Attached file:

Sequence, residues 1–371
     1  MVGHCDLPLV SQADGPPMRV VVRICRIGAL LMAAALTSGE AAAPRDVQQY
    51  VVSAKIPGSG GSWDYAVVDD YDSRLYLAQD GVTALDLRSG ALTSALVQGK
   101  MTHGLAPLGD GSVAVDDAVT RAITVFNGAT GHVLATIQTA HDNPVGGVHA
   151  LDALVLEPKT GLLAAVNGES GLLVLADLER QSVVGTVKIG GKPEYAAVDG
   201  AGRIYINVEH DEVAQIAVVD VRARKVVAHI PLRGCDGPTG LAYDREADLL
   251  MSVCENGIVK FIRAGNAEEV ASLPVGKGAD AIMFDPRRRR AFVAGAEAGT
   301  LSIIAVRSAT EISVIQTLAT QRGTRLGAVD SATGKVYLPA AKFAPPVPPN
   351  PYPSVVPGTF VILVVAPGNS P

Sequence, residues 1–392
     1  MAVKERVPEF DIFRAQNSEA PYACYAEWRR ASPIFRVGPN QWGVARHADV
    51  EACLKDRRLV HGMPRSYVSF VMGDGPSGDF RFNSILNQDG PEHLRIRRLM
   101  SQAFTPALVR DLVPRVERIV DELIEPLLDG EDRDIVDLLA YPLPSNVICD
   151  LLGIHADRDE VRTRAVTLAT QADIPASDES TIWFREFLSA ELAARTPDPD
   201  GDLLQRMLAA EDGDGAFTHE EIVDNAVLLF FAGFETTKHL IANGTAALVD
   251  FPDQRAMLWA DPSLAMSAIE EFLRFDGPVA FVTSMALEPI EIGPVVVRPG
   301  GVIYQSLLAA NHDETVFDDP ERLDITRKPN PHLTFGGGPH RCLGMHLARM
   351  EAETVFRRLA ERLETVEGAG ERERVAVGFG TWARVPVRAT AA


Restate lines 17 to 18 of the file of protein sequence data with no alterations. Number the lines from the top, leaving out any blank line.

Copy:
   301  GVIYQSLLAA NHDETVFDDP ERLDITRKPN PHLTFGGGPH RCLGMHLARM
   351  EAETVFRRLA ERLETVEGAG ERERVAVGFG TWARVPVRAT AA